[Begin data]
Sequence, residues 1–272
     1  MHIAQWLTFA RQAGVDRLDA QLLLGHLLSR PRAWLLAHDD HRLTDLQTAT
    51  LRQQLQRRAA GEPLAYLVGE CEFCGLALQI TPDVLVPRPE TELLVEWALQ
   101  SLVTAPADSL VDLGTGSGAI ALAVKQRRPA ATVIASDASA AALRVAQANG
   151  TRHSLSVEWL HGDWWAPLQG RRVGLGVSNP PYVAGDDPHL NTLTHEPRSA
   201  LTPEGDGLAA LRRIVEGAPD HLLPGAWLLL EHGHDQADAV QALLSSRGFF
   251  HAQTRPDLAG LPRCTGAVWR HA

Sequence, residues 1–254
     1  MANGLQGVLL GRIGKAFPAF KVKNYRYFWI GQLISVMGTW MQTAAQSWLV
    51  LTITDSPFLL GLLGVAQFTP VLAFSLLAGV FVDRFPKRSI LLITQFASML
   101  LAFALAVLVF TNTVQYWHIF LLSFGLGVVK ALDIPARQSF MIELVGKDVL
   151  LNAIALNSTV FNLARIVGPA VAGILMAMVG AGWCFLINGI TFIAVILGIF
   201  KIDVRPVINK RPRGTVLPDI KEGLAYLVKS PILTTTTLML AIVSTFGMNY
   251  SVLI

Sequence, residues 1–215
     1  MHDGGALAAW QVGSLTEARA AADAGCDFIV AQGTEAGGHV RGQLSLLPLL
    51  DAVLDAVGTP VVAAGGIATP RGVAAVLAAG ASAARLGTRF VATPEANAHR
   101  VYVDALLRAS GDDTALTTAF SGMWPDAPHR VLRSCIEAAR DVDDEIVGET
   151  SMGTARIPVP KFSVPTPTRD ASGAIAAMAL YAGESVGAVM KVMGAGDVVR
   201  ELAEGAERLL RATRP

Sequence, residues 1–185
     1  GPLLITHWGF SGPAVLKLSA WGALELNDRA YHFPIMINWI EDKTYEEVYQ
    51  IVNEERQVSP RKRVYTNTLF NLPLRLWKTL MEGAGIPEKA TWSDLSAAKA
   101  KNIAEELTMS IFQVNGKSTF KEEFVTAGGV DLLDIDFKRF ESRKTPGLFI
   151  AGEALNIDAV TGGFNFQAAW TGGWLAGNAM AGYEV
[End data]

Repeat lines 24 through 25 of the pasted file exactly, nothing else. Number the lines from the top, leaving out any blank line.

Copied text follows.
   101  KNIAEELTMS IFQVNGKSTF KEEFVTAGGV DLLDIDFKRF ESRKTPGLFI
   151  AGEALNIDAV TGGFNFQAAW TGGWLAGNAM AGYEV